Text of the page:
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  • #2311
    MST1974
    Participant

    I disagree with Barbara Bleiman’s points about PEE in exams – in that examiners award good marks if candidates have adhered to some sort of acronym. As a senior examiner for a leading examination board, with many years of assessing GCSE English, this has never (and certainly not in recent years) been the way that examinations are marked. It is a little misleading to say that credit is given to candidates if they ‘tick boxes’ like this. When assessing, it is more holistic – and candidates are awarded when they reach a certain level. It is not as simple as ‘great, they have used PEE – let’s award a high grade.’ I know that English teachers and examiners will be aware of this but I think those that are less knowledgeable might be misled by Bleiman’s points.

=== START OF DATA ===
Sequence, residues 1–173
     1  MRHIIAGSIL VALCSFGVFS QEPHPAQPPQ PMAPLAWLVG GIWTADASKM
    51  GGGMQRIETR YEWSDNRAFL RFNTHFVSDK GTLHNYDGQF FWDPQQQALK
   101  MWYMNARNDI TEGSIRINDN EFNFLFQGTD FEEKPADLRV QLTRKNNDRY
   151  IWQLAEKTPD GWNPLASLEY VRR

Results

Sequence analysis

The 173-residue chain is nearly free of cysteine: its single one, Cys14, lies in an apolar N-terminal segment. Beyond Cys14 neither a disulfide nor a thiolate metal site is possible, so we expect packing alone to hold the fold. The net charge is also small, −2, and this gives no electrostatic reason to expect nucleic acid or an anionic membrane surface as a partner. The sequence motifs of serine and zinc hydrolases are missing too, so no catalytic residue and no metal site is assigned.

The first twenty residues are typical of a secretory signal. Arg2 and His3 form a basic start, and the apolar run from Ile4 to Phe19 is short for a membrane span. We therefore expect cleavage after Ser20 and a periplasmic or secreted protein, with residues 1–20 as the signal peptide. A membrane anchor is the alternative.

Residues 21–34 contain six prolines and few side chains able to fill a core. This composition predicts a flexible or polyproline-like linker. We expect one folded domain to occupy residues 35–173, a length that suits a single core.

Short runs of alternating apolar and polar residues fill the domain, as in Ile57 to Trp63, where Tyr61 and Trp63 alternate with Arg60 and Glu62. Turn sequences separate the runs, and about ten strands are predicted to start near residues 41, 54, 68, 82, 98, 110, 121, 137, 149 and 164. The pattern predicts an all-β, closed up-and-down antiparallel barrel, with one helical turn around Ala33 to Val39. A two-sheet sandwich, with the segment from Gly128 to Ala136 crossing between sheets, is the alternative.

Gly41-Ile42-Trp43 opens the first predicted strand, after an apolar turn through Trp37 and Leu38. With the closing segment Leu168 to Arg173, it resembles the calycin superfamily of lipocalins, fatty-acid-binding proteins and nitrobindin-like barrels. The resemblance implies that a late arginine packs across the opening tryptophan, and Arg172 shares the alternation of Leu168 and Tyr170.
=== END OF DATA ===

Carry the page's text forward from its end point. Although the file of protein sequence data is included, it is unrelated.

#2312
    PeoplesPedagogue
    Participant

    It can never be as simple as ‘this student has used PEE x number of times and thus this is their mark.’ I understand and recognise that such formulae or models of structuring writing *can* be essential building blocks for beginning learners to master critical thinking about texts. But it needs to be adapted and learned, revised and refined over time by teacher and student symbiosis in order that a more nuanced, fluent, risk-taking paragraph, essay, piece of writing can inhabit, certainly the highest grades, and so be something more than what a PEE can do. Reminding us – care of Becky Wood’s excellent work – of the evolution into using What/How/Why as a Mosel for writing is a more fluid start but it is, I remind my classes, still a structure that if not careful can become mechanical and I urge students over time to play around with the ‘stages’ of these formulae and so produce some more insightful work. As Barbara has said, it is about meaning and how writers create these meanings and it loses so much clarity and interest from students if all they end up doing is revising a model as opposed to interesting ways of accessing texts and knowing those texts and contexts well.

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